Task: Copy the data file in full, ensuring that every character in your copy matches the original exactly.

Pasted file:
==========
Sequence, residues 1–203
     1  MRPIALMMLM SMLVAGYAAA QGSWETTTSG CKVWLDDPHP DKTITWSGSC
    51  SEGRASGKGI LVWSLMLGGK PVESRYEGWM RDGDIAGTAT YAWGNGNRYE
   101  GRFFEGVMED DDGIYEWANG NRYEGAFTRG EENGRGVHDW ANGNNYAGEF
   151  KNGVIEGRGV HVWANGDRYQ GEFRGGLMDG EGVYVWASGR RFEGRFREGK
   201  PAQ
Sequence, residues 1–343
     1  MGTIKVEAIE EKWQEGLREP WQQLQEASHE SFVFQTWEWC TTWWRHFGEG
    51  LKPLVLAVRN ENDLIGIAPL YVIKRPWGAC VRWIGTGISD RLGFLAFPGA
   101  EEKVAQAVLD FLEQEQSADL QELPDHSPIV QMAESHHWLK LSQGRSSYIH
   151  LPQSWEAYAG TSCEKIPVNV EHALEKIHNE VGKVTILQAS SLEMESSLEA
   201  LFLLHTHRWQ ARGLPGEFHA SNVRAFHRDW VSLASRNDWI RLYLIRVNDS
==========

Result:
Sequence, residues 1–203
     1  MRPIALMMLM SMLVAGYAAA QGSWETTTSG CKVWLDDPHP DKTITWSGSC
    51  SEGRASGKGI LVWSLMLGGK PVESRYEGWM RDGDIAGTAT YAWGNGNRYE
   101  GRFFEGVMED DDGIYEWANG NRYEGAFTRG EENGRGVHDW ANGNNYAGEF
   151  KNGVIEGRGV HVWANGDRYQ GEFRGGLMDG EGVYVWASGR RFEGRFREGK
   201  PAQ
Sequence, residues 1–343
     1  MGTIKVEAIE EKWQEGLREP WQQLQEASHE SFVFQTWEWC TTWWRHFGEG
    51  LKPLVLAVRN ENDLIGIAPL YVIKRPWGAC VRWIGTGISD RLGFLAFPGA
   101  EEKVAQAVLD FLEQEQSADL QELPDHSPIV QMAESHHWLK LSQGRSSYIH
   151  LPQSWEAYAG TSCEKIPVNV EHALEKIHNE VGKVTILQAS SLEMESSLEA
   201  LFLLHTHRWQ ARGLPGEFHA SNVRAFHRDW VSLASRNDWI RLYLIRVNDS